Assange’s name appears twice in a recently-unsealed August court filing from a federal prosecutor in Virginia who was attempting to keep sealed a separate case involving a man accused of coercing a minor for sex.
In one sentence, the prosecutor wrote that the charges and arrest warrant “would need to remain sealed until Assange is arrested in connection with the charges in the criminal complaint and can therefore no longer evade or avoid arrest and extradition in this matter.”
In another sentence, the prosecutor said that “due to the sophistication of the defendant and the publicity surrounding the case, no other procedure is likely to keep confidential the fact that Assange has been charged.”
Any charges against Assange could help illuminate whether Russia coordinated with the Trump campaign to sway the 2016 presidential election. It would also suggest that, after years of internal wrangling within the Justice Department, prosecutors have decided to take a more aggressive tact against the secret-sharing website.
It was not immediately clear why Assange’s name was included in the document, though Joshua Stueve, a spokesman for the Eastern District of Virginia — which had been investigating Assange — said, “The court filing was made in error. That was not the intended name for this filing.”
The Washington Post reported late Thursday, citing people familiar with the matter, that Assange had indeed been charged. The Associated Press could not immediately confirm that.
It was not immediately clear what charges Assange, who has been holed up for years in the Ecuadorian Embassy in London, might face.
But recently ousted Attorney General Jeff Sessions last year declared the arrest of Assange a priority. Special counsel Robert Mueller has been investigating whether Trump campaign associates had advance knowledge of Democratic emails that were published by WikiLeaks in the weeks before the 2016 election and that U.S. authorities have said were hacked by Russia.
Barry Pollack, a lawyer for Assange, told the AP earlier this week that he had no information about possible charges against Assange.
In a new statement, he said, “The news that criminal charges have apparently been filed against Mr. Assange is even more troubling than the haphazard manner in which that information has been revealed. The government bringing criminal charges against someone for publishing truthful information is a dangerous path for a democracy to take.”
The filing was discovered by Seamus Hughes, a terrorism expert at the Program on Extremism at George Washington University, who posted it on Twitter hours after The Wall Street Journal reported that the Justice Department was preparing to prosecute Assange and said, “To be clear, seems Freudian, it’s for a different completely unrelated case, every other page is not related to him, EDVA just appears to have Assange on the mind when filing motions to seal and used his name.”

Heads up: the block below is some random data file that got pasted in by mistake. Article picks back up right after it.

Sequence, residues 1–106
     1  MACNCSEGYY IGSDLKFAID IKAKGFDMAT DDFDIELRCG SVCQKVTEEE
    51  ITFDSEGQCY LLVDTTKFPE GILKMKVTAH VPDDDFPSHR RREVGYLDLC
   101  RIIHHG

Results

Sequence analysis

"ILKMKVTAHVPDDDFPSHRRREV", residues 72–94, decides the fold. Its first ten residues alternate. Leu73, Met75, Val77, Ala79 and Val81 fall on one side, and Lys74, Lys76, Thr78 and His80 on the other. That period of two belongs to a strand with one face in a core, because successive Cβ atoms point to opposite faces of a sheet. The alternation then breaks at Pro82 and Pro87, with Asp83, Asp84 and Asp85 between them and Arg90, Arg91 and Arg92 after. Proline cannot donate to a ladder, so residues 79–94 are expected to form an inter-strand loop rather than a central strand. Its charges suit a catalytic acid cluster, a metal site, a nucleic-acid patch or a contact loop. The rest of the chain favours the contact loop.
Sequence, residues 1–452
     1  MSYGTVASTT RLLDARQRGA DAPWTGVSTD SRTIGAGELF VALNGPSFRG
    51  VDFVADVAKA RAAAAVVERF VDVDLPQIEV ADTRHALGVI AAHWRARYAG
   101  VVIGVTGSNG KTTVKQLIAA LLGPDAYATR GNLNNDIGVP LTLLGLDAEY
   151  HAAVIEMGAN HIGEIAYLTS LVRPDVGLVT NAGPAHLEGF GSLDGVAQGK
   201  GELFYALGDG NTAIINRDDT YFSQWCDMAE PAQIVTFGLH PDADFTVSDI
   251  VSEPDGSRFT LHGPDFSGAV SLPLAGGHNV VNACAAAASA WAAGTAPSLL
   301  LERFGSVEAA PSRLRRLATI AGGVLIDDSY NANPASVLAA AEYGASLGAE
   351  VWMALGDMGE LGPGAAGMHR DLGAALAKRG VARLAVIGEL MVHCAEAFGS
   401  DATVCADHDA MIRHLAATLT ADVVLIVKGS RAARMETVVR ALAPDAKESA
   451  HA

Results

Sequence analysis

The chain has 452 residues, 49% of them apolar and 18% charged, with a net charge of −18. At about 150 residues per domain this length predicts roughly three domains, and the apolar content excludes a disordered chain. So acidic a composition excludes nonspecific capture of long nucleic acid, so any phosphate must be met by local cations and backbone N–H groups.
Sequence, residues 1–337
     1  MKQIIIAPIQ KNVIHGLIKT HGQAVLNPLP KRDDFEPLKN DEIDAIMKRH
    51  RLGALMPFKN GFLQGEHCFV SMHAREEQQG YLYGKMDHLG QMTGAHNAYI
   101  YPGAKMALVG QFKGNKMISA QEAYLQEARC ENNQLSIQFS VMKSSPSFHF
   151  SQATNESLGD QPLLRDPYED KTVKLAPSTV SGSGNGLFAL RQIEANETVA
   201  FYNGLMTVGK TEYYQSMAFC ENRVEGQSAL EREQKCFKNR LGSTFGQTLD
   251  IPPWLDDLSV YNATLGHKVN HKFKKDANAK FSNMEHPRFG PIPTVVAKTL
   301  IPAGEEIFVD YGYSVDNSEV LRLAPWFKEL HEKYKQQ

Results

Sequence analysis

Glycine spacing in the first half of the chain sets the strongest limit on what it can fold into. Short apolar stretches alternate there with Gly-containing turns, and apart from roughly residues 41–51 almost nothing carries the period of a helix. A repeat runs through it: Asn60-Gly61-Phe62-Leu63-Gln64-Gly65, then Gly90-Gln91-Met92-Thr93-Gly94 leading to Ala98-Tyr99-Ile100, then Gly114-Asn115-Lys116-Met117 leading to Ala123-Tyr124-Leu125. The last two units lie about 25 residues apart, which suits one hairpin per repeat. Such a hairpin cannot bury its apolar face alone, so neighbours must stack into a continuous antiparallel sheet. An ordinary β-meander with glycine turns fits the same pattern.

The case at issue concerns a defendant named Seitu Sulayman Kokayi, a 29-year-old teacher who has since been indicted in Virginia on charges of enticing a 15-year-old girl to commit sex acts and to produce child pornography.
The document, a motion filed in late August asking to keep Kokayi’s case secret, mentions Assange in two boilerplate sections, suggesting a copy-and-paste error or that his name was inadvertently left in a template used for the common filings. That document has since been unsealed.
There doesn’t appear to be any connection between Assange and Kokayi.
Assange, 47, has resided in the Ecuadorian Embassy for more than six years in a bid to avoid being extradited to Sweden, where he was wanted to sex crimes, or to the United States, whose government he has repeatedly humbled with mass disclosures of classified information.
The Australian ex-hacker was once a welcome guest at the Embassy, which takes up part of the ground floor of a stucco-fronted apartment in London’s posh Knightsbridge neighborhood. But his relationship with his hosts has soured over the years amid reports of espionage, erratic behavior and diplomatic unease.
Any criminal charge is sure to further complicate the already tense relationship.
Ecuadorian officials say they have cut off the WikiLeaks founder’s internet access and will restore it only if he agrees to stop interfering in the affairs of Ecuador’s partners — such as the United States and Spain. Officials have also imposed a series of other restrictions on Assange’s activities and visitors and — notably — ordered him to clean after his cat.
With shrinking options — an Ecuadorian lawsuit seeking to reverse the restrictions was recently turned down — WikiLeaks announced in September that former spokesman Kristinn Hrafnsson, an Icelandic journalist who has long served as one of Assange’s lieutenants, would take over as editor-in-chief.
Hrafnsson did not immediately respond to calls and messages seeking comment.
WikiLeaks has attracted U.S. attention since 2010, when it published thousands of military and State Department documents from Army Pvt. Chelsea Manning. In a Twitter post early Friday, WikiLeaks said the “US case against WikiLeaks started in 2010” and expanded to include other disclosures, including by contractor Edward Snowden.
“The prosecutor on the order is not from Mr. Mueller’s team and WikiLeaks has never been contacted by anyone from his office,” WikiLeaks said.
Associated Press writer Raphael Satter in Paris and Chad Day in Washington contributed to this report.
Link to court filing: http://apne.ws/Me9YxB9
(AP Photo/Wilfredo Lee)